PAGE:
We tried to get some sleep in the middle of the morning but the growing heat made it impossible. A flock of parrots had gathered around a large water tank just outside the slide-door and their cackle sounded like they were indoors. We even got some visitors who were prospective buyers of the farm Some of them warned us for snakes which could easily wind in through the door openings. We actually saw curling marks of snakes outside the house. The evening before, I took out a chair from the corner of the room and happened to bump against a spider web beneath the table-top. Today we found out whose net it was. The owner was a Redback spider which is a cousin to the American black widow. The Redback is about as poisonous as a Swedish black adder snake and the spider usually bites when it gets provoked and when its net is touched, like I did! A much larger spider's dry remnants were hanging there. My father got bitten by a Redback a number of years ago in his backyard and his foot swelled up and he had to be hospitalized a few weeks. In the afternoon, an irritating blowfly flew around our room and we got to witness when it finally ended up in another spider's net, the Daddy longleg spider. We studied closely how the arachnid very rapidly spinned the fly in a cocoon and bit it several times. The blowfly tried in vain to get loose, buzzed maybe a minute before it went silent. It was fascinating to study nature in action from extremely close range.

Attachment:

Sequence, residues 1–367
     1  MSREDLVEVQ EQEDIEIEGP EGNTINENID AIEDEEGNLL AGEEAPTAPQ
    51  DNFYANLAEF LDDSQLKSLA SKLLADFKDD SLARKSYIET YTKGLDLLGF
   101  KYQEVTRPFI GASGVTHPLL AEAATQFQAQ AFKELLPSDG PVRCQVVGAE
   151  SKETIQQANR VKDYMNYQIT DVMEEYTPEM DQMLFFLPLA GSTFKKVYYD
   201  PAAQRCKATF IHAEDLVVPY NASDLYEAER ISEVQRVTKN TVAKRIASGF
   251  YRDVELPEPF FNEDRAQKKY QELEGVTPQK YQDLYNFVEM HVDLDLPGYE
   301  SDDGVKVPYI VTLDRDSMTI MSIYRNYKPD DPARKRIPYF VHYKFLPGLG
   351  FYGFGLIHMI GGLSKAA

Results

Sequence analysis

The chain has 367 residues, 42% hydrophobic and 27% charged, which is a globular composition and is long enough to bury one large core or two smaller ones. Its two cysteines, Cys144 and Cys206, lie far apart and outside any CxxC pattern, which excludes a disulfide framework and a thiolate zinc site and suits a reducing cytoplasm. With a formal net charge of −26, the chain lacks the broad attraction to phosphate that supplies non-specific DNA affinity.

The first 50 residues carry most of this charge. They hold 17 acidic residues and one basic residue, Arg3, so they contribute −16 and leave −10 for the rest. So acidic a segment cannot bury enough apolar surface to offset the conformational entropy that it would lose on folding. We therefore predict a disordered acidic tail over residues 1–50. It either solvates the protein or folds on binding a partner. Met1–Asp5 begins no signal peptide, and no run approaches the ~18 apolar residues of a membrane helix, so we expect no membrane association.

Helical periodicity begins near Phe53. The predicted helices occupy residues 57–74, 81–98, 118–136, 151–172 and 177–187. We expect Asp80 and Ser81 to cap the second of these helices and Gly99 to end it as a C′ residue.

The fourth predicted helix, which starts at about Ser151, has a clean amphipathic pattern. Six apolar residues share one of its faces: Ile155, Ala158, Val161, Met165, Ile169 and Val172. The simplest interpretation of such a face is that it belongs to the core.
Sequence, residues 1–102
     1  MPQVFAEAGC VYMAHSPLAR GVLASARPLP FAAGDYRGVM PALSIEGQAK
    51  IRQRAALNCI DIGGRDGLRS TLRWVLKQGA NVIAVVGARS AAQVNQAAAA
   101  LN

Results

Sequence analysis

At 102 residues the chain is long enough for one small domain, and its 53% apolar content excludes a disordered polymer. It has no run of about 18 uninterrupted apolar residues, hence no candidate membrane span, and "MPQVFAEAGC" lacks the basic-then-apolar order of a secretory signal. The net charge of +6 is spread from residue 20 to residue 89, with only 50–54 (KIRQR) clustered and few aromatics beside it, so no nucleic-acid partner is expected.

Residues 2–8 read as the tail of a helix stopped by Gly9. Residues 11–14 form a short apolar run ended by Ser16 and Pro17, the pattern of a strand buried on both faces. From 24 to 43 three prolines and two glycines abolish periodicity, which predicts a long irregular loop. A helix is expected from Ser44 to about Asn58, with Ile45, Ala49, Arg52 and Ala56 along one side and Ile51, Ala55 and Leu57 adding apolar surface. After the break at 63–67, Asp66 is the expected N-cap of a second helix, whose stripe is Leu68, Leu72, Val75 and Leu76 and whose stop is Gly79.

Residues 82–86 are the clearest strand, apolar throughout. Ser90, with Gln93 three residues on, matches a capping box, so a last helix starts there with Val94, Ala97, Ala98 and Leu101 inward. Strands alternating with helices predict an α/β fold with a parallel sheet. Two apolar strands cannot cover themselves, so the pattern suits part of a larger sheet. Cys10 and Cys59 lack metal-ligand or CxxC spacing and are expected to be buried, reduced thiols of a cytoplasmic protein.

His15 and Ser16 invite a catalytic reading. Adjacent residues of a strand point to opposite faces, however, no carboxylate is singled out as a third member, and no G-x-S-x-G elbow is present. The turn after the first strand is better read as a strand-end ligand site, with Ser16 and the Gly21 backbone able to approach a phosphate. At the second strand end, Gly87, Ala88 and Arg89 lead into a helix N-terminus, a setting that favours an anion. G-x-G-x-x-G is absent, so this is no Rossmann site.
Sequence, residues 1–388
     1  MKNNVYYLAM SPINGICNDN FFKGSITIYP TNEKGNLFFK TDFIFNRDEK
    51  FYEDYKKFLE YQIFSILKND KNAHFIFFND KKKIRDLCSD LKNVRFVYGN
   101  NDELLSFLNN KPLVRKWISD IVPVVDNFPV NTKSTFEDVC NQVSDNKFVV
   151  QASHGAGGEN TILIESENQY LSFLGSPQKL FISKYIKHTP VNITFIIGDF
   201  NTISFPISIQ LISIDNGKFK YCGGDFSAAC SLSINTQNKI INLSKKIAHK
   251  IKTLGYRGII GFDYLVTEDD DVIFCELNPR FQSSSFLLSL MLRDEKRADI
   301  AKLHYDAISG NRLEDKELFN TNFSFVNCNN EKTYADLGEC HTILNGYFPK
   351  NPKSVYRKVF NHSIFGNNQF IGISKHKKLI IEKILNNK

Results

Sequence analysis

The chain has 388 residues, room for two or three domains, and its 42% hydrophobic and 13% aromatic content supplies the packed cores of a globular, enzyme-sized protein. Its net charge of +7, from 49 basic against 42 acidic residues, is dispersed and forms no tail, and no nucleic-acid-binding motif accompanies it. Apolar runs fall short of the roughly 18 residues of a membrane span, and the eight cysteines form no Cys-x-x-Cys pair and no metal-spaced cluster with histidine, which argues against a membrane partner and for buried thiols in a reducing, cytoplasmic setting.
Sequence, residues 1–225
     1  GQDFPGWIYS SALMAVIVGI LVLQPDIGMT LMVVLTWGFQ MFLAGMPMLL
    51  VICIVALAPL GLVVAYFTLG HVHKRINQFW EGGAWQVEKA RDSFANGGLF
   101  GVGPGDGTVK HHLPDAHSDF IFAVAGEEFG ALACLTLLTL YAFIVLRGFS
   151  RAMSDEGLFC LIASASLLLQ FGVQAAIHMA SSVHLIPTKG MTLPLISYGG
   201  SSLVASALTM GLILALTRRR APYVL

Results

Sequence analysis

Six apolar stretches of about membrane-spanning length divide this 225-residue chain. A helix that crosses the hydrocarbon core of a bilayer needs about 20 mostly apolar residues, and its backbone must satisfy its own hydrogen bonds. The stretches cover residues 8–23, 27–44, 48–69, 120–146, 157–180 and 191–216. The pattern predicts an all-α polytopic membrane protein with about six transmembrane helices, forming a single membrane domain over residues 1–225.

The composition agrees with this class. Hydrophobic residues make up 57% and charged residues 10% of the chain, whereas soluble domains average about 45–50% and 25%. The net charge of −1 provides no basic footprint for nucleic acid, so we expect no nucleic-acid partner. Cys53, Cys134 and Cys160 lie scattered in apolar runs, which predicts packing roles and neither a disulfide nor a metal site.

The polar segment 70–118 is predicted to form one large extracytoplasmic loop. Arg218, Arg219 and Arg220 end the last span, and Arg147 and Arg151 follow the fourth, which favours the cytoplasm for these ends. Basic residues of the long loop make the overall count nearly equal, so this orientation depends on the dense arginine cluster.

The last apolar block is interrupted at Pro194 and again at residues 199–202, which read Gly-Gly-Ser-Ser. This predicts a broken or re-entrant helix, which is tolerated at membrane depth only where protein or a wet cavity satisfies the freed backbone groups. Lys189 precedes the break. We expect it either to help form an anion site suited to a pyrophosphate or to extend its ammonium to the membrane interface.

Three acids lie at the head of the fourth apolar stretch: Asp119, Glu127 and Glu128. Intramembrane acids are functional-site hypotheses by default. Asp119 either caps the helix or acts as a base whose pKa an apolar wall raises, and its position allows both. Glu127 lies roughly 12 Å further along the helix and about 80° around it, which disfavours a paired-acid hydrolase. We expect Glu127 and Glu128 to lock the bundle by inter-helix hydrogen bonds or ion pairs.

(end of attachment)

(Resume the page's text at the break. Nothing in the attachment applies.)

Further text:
Next night looked even more promising because the sun was dazzlingly bright at sunset. Even prior to sunset, I managed to find Jupiter naked eye quite easily. The sky towards WSW, above the sun, was purple colored before the end of civil twilight and this feature has its own name, the so called Purple light. Now we found the 23 hours 34 minutes young lunar crescent and Mercury 10° above it. The length of the arc was not much longer than about 90°. The crescent was particularly difficult to view since it was in apogeum a few days earlier and it had not receded so far away from the sun during this time. The crescent had a topocentric elongation of 10°.2, phase 0.795% and its width was just 14.2 seconds of arc.
Crickets (nocturnal grasshoppers) commenced their chirping and the atmosphere was like in the wild west, and it certainly was, the wild Western Australia! A bat had gone astray into our house but we managed to shoot it out again. Even when it was still a bit over +30° C hot, it was safest to wear long trousers in case of snakes and spiders outdoors. We brought out our instruments behind the same bushes where we observed the night before. The irritating swarms of small flies which plagued us in daytime were gone like magic in the darkness. Apparently, they have a lousy night vision or they are evening tired / afraid of the dark!
The Caveman and airglow
Esko had with his 10x50 Bresser binocular (puchased from Lidl department store) found a funny asterism somewhere in the Milky Way in Puppis or Vela. The interesting detail with it was the fact that the stars made up a raging caveman figure brandishing his club with his hand. An orange star was the troglodyte's navel. Under his feet was a nebula or a starcluster with very faint members. I forgot to look up their more exact positions but I suspect they were the open starcluster NGC2467 and the nebula Sharpless 311 in Puppis.
It was still +28° C when the astronomical twilight ended. It felt marvellous to be able to observe in short sleeves all night long. Actually, I got thirsty in this dry air, so I had to wet my whistle with water regularly. The dry semidesert air is of course a contributory factor for the exceptionally good transparency.